The Northampton victims of a First World War bombing raid have been commemorated at a school 100 years on from the attack.
On October 19 1917 a German Zeppelin, on its way to bomb Sheffield, changed course to Northampton which it reached at 10.45pm - dropping 22 bombs, including nine incendiary bombs over Kingsthorpe, Dallington, Far Cotton and St James End.
The fifth bomb smashed through the roof of 46 Parkwood Street, just west of the train station, killing Mrs Eliza Gammons instantly while she was sleeping in her bedroom. Her 13-year-old twin daughters, Gladys and Lily, who were also in the house, died later from their burns.
Eliza, Lily and Gladys, buried at Dallington Cemetery, are believed to be Northampton’s only victims of air raids which killed more than 500 people across Britain.
The twins went to St James CE School and a plaque to their memory was put up by their schoolfriends in the 1920s.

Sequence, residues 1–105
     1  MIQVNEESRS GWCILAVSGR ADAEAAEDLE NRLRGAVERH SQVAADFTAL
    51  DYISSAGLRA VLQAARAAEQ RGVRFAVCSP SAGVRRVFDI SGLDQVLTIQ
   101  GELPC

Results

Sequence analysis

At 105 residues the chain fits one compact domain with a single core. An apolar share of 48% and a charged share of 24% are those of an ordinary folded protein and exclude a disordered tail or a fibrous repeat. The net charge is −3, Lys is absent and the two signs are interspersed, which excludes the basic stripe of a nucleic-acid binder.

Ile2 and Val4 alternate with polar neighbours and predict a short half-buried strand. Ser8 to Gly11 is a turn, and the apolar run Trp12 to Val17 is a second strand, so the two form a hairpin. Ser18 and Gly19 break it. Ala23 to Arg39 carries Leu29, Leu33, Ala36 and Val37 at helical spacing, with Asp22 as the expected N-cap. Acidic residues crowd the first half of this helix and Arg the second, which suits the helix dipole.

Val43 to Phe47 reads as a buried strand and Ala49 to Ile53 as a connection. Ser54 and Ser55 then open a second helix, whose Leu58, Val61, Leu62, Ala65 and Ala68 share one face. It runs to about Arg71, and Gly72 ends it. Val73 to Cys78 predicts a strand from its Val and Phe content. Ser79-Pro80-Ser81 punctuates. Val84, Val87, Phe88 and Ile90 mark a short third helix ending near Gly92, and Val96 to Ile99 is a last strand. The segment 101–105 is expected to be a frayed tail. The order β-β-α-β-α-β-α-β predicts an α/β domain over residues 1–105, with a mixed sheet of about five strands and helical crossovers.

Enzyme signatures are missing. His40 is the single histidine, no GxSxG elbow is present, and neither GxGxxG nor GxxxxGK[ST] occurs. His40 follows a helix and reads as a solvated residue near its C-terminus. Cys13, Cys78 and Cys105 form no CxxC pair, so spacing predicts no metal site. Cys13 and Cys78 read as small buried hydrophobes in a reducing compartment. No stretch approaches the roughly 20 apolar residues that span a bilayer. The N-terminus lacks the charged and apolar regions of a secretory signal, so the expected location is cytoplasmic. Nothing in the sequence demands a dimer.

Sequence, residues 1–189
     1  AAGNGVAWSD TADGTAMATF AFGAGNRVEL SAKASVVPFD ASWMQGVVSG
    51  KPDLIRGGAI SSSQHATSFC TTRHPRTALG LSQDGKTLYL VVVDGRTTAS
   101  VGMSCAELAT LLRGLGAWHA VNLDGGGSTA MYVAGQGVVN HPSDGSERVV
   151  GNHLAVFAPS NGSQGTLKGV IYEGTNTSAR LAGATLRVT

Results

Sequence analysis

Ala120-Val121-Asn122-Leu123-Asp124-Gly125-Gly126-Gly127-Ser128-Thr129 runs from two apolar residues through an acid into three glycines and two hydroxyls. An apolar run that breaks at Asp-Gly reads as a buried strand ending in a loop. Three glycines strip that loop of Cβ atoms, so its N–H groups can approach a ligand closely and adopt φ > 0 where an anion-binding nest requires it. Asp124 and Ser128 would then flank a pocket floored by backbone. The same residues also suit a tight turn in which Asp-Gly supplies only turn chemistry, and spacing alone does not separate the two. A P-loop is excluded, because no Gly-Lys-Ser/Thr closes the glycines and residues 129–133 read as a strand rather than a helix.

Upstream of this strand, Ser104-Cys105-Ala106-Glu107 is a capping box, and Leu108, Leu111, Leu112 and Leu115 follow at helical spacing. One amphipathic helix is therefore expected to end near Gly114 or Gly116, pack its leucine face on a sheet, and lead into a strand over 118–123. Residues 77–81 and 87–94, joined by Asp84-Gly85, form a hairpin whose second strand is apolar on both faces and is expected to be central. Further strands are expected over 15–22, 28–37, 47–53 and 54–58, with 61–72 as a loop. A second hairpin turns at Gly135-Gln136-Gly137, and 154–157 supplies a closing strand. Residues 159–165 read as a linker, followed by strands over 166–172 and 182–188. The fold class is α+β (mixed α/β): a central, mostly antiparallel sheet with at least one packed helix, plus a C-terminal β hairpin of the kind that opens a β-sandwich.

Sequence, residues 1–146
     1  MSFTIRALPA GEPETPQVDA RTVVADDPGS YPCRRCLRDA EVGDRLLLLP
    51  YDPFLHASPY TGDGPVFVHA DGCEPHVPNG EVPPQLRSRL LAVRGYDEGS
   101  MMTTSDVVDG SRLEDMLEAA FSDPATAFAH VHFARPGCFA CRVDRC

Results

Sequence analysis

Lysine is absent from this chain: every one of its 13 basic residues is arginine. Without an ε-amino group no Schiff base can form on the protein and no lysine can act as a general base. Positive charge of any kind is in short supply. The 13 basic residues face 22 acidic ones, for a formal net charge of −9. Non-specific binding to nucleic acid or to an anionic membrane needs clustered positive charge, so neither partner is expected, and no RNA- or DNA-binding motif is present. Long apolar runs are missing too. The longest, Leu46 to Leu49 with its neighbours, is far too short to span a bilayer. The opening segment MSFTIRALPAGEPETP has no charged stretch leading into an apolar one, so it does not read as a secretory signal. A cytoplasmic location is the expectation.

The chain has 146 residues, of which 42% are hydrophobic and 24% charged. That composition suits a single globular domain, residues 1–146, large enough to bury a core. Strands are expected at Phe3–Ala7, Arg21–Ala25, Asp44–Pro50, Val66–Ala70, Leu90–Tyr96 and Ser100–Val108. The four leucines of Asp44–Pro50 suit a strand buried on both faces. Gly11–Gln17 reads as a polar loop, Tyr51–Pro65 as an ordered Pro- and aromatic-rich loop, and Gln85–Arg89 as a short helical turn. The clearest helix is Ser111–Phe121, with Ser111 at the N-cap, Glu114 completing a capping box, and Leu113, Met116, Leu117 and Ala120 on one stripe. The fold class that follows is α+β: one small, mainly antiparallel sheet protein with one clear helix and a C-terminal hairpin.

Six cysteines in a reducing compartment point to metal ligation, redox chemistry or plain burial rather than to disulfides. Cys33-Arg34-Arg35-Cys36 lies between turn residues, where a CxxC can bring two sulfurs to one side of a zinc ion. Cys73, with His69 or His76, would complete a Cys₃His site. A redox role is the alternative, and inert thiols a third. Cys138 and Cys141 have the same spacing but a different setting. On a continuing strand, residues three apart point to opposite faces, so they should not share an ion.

A century after the deadly raid, pupils and the headteacher of St James CE School, Sarah Beach, visited Sywell Aviation Museum where one of the raid’s incendiary bombs is on display, to commemorate the tragedy and honour the sisters.
The current students studied the displays and a replica of a First World War plane and an original fighter aircraft.
Sarah Beach said: “The children had a wonderful trip to Sywell and really enjoyed the activities and learning more about Zeppelins, flying and the war in general.
“The museum’s hospitality and generosity of time was greatly appreciated – especially the owners of the impressive planes who allowed us such privileged access.”
A museum spokeman said: “This was a terrific example of the community coming together to mark the events of 100 years ago.”